Dell Inspiron 5100/5150 Design Flaw sign now

Over the years, Dell has been known to have top-notch customer service, and as such, you have always been my first choice when purchasing a computer for myself or recommending to family and friends. Hopefully, this commitment to customer service has not changed and Dell can help me with my problem, frustration, and anger, and maintain my family, my friends, and myself as loyal customers. Prior to purchase of a Dell Inspiron 5150, I felt like a loyal customer who would always recommend your company to family and friends. Heck, I would jump at the chance to recommend Dell, so much so, that friends would joke with me, saying that I was a Dell salesperson. And my recommendation mattered, because I have always been known as "the computer guy," as I have build, maintained, and repaired computer hardware and software for years. However, after my purchase of an Inspiron 5100 and dealing with the following problems, my opinion has greatly changed; perhaps you can rectify that.

Approximately three months after purchasing my Inspiron 5150, it began to automatically shutdown. No warnings. No messages. No beeps. No nothing. Just shuts down. I called Dell technical support, only to speak to several technicians who wanted to have me test this, and test that, and test this, all of which was mere shooting in the dark. In the meantime, I visited Dell's community forum, and to my surprise, and thankfully, I found several posts on the subject of the Inspiron 5150 overheating. What I found was horror stories of people who had the same problem, called technical support, spoke to incompetent technicians who suggested replacing this part and that part, all to have their computer, six months later, still experiencing the same problem. Most users explained how technical support was recommending a motherboard replacement. And several users explained that they had a motherboard replaced, then computer works fine for three months, then the auto-shutdown problem would return, then call Dell support, have another motherboard replaced, then computer works fine for three months, then the auto shutdown problem would return, then call Dell support, have a third motherboard replaced, along with a cpu, video card, and other misc. "shoot in the dark" parts, then computer works fine for three months, then the auto shutdown problem would return for a fourth time.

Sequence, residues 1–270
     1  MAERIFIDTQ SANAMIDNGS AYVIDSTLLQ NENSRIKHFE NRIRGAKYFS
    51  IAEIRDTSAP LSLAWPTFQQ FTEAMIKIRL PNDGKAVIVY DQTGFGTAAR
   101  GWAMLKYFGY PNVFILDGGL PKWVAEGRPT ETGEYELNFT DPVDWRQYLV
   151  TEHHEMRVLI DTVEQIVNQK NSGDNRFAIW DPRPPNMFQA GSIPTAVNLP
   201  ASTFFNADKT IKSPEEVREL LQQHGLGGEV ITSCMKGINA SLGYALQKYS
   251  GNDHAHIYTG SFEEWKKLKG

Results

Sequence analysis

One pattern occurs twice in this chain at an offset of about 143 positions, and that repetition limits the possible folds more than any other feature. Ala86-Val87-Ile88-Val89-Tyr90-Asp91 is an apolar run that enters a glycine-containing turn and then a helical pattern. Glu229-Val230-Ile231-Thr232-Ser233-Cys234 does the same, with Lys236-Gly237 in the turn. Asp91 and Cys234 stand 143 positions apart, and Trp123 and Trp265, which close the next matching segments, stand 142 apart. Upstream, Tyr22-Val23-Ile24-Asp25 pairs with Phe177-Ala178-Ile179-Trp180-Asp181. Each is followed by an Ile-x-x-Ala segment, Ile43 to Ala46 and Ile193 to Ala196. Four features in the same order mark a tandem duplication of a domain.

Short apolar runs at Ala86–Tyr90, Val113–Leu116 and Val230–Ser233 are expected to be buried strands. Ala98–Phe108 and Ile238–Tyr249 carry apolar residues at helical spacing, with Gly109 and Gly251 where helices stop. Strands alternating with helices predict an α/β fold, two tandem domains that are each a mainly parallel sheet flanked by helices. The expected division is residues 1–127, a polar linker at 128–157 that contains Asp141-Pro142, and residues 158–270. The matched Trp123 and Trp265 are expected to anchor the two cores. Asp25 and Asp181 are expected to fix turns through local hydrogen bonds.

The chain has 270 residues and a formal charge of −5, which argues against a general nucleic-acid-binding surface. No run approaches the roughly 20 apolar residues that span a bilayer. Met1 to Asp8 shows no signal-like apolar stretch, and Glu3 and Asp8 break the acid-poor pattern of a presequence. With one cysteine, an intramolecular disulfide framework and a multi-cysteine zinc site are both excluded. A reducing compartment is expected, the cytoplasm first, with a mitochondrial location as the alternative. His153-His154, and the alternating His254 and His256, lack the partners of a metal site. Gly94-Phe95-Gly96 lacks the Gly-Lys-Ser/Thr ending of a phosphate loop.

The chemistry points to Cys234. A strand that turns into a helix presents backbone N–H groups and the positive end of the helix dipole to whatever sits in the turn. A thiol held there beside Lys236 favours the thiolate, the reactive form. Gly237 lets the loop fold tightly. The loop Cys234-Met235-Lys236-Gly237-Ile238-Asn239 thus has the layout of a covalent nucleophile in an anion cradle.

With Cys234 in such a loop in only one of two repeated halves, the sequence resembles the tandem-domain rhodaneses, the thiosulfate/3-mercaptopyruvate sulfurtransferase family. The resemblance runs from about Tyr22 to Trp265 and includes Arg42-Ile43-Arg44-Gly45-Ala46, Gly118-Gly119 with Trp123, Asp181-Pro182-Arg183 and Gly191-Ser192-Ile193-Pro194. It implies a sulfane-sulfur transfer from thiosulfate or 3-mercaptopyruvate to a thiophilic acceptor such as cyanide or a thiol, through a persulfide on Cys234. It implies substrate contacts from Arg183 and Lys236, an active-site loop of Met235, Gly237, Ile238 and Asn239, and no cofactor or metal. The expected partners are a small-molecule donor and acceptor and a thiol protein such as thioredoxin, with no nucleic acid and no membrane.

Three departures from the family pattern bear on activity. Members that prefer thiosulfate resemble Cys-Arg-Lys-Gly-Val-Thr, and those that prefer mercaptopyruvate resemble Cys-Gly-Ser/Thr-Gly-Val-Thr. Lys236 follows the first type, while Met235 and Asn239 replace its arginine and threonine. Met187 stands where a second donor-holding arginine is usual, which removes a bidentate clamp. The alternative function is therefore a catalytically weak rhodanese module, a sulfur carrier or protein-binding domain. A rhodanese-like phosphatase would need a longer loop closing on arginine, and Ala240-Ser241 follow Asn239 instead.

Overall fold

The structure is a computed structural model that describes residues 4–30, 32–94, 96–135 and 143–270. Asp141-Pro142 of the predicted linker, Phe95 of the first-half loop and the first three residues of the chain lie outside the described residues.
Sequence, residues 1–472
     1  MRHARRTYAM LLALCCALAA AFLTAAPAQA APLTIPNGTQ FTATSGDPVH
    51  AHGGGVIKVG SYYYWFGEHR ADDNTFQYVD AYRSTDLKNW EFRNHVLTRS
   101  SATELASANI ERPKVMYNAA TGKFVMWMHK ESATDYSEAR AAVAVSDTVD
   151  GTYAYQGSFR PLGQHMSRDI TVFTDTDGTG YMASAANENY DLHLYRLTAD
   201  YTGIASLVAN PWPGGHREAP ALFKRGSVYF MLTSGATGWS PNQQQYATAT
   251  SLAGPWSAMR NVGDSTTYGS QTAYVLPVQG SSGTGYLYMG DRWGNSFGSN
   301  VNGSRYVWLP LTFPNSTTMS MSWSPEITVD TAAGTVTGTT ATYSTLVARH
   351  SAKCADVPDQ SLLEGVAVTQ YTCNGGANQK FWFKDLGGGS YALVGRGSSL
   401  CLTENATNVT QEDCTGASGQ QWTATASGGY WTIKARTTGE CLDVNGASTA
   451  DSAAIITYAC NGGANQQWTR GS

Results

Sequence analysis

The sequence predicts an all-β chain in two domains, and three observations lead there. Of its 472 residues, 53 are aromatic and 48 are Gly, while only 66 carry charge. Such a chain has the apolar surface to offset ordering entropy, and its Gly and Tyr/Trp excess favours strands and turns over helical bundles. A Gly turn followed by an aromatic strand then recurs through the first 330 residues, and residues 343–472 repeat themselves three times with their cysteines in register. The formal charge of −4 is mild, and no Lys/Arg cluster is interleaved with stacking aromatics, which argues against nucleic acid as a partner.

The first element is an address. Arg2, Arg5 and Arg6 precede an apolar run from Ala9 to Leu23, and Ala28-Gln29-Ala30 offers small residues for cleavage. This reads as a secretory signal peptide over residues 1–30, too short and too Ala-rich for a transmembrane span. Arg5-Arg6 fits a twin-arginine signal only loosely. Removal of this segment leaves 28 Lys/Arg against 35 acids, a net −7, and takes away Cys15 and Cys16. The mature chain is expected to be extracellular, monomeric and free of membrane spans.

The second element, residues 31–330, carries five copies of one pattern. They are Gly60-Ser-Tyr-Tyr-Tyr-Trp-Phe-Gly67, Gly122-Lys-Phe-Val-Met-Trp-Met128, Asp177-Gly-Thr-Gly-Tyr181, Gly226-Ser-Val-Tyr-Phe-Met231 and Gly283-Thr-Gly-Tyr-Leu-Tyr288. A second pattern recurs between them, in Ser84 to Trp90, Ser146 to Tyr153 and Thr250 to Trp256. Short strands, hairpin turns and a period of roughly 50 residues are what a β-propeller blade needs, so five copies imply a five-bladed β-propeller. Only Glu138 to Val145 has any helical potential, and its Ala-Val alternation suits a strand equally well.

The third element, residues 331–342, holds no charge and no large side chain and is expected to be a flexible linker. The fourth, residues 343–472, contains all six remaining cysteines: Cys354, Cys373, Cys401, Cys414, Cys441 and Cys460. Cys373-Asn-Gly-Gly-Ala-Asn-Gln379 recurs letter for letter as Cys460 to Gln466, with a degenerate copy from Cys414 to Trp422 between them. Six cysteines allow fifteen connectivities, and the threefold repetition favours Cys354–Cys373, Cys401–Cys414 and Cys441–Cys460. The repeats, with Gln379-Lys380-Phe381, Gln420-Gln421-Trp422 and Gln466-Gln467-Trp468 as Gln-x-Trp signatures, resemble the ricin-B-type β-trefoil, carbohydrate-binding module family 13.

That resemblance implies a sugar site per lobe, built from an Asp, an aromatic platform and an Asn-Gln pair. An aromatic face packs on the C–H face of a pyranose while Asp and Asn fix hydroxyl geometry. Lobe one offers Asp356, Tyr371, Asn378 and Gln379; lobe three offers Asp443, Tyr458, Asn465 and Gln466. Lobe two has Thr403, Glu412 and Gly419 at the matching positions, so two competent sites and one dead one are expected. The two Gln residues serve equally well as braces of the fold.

Honestly, it was terrifying to think of myself experiencing this same problem, having to do deal with techs who are just guessing, replacing parts several times, and all to just end up a few short months later with a, for all intensive purposes, dead laptop. Luckily, several Dell users, NOT Dell technicians, came together, diagnosed this problem and found a "solution", mind you, all the while, Dell technicians were still suggesting motherboard replacements. You can read the solution to the overheating 5100/5150s at the following web address:
What is the problem? Dust. Yes, dust. For further information, please refer to the above mentioned post. Bottom line, the problem is that dust collects inside the computer, on the heatsink, thereby inhibiting its ability to transfer heat off of the processor. As such, the computer overheats, and for safety reasons, automatically shuts down. So what is the solution, blow compressed air through the computer in an effort to remove the dust off of the heatsink. However, blowing out the computers would not totally fix the problem. Why? Simple. By blowing the compressed air through the vents, we have successfully ridden our computers of the loose dust on and around the heatsink. However, imagine if you have a dirty desk with layers and layers of three to four month old caked on dust. Then you use compressed air to blow off this dust in an effort to clean the desk. Would your desk be dust free? Would it be clean? No, of course not. The loose, lighter dust would be gone. However, the thick, now dense, caked-on dust would remain, and even if that were to have been blown away, at the very least, small remains of dust would still remain on the desk. The same goes for the heatsink, and as such, although the auto-shutdowns do stop after blowing compressed air through the vents, the computer temperatures are still 15-20 degrees (Celsius) above normal. The only solution to this is to have the heatsink replaced or cleaned by a Dell technician, and then upon receipt of a new or cleaned heatsink, we, the customers, must "air" our computers weekly in order to avoid this problem in the future.